Australia—“Thousands protested against capitalism yesterday in New York and Washington, and millions supported their anti-corporate message online,” says an editorial in the Sydney-based Australian.
“At the same time, thousands of people placed flowers and candles at Apple stores, and millions more posted messages online, to mourn the death of one of the most successful corporate leaders we have seen.”
Germany—“The 20th century was called the American Century, not least by Americans themselves. The reasons had mostly to do with political power,” says an editorial in the Munich-based Süddeutsche Zeitung.
"The 21st century also began as an American Century, but mostly because of companies like Microsoft and Apple and figures like Bill Gates and Steve Jobs. Gates has always stood for software that influences a large portion of the new world. Jobs, on the other hand, has created a significant group of devices that define the first phase of the digital era, in style as well as popular thought."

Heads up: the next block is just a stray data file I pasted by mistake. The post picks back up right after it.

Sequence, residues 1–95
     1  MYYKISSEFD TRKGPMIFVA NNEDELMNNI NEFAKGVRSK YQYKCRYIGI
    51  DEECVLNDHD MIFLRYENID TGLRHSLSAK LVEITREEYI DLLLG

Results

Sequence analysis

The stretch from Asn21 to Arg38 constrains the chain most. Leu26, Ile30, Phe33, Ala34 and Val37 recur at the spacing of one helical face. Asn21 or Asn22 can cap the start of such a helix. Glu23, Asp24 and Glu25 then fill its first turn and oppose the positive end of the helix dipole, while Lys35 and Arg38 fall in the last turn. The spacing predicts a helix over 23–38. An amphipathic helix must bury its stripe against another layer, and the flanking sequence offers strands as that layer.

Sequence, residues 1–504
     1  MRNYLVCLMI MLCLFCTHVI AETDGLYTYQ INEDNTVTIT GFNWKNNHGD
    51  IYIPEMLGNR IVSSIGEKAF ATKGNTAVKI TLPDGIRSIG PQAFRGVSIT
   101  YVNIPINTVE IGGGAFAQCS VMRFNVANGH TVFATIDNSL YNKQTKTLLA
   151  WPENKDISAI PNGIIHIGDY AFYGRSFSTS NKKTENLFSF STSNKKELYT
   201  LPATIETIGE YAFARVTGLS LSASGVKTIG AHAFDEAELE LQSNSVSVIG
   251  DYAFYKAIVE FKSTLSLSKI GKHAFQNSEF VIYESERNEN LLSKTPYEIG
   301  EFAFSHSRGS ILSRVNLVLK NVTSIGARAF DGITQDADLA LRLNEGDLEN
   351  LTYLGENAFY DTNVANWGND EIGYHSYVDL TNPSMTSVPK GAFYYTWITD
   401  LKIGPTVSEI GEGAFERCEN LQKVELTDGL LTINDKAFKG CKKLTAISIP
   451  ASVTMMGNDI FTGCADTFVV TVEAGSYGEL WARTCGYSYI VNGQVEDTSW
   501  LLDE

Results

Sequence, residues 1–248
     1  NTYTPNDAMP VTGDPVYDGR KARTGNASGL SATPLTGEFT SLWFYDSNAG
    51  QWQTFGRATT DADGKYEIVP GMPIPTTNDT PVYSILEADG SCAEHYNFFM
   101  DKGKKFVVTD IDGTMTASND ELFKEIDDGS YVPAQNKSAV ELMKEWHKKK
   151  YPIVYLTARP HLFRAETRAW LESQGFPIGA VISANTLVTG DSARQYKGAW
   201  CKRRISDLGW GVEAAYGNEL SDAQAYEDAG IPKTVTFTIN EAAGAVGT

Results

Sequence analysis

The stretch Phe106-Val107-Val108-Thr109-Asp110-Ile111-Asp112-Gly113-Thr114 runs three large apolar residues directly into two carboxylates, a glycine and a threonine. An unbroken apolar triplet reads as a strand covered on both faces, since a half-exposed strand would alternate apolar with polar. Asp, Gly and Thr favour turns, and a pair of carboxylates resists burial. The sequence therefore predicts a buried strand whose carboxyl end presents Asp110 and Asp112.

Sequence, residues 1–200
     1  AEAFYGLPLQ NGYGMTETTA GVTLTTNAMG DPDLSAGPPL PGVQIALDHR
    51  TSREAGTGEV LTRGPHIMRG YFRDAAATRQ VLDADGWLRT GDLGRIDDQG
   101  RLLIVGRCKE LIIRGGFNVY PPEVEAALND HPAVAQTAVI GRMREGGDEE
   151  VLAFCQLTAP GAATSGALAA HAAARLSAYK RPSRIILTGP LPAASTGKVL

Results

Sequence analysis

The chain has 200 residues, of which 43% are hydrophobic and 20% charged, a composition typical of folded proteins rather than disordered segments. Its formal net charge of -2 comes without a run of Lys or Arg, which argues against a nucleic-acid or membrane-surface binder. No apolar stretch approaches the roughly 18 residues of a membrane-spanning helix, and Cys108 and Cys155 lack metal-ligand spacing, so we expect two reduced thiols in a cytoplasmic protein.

Russia—“For those who dream of a different Russia, Jobs was living proof of the possibility of honest success,” writes Roland Oliphant in the Moscow Times.
"Each time a well-heeled businessman scrolls through the contacts on his iPhone or a Duma deputy idles away a parliamentary debate playing Angry Birds, they are confirming [economist Sergei] Alexashenko's insight on the example Jobs provides: that a fortune could be created 'without oil, gas, high-placed friends; without kickbacks and embezzlement.'"
Israel—“The story of Jobs' life reads like the American dream come true,” says an editorial in the Tel Aviv-based Haaretz.
“He showed humanity that the value of technology lies first and foremost in the understanding of the person using it. And he taught business people that they must think first of all of the consumers and if they know how to talk to them, they will grow and prosper.”
United Arab Emirates—“The gadgets he helped create changed the way an entire generation approached technology,” says an editorial in the Abu Dhabi-based National.
“Mr Jobs' life was, in many respects, the opposite of his products: jagged, jarring and rich with adversity. He was adopted as a child, a college dropout and the father of a daughter out of wedlock. His genius and his drive was, in many ways, an anomaly.”
Saudi Arabia—“For sheer vision in both design and technology, which he combined with formidable entrepreneurial and marketing skills, Jobs surely ranks among the all-time business greats,” says an editorial in the Jeddah-based Arab News.
“The phenomenal rise of Apple from its beginnings in a garage, where two hippies decided to build a better personal computer, to become the world’s most valuable company by stock price, will be a subject of business studies for years to come.”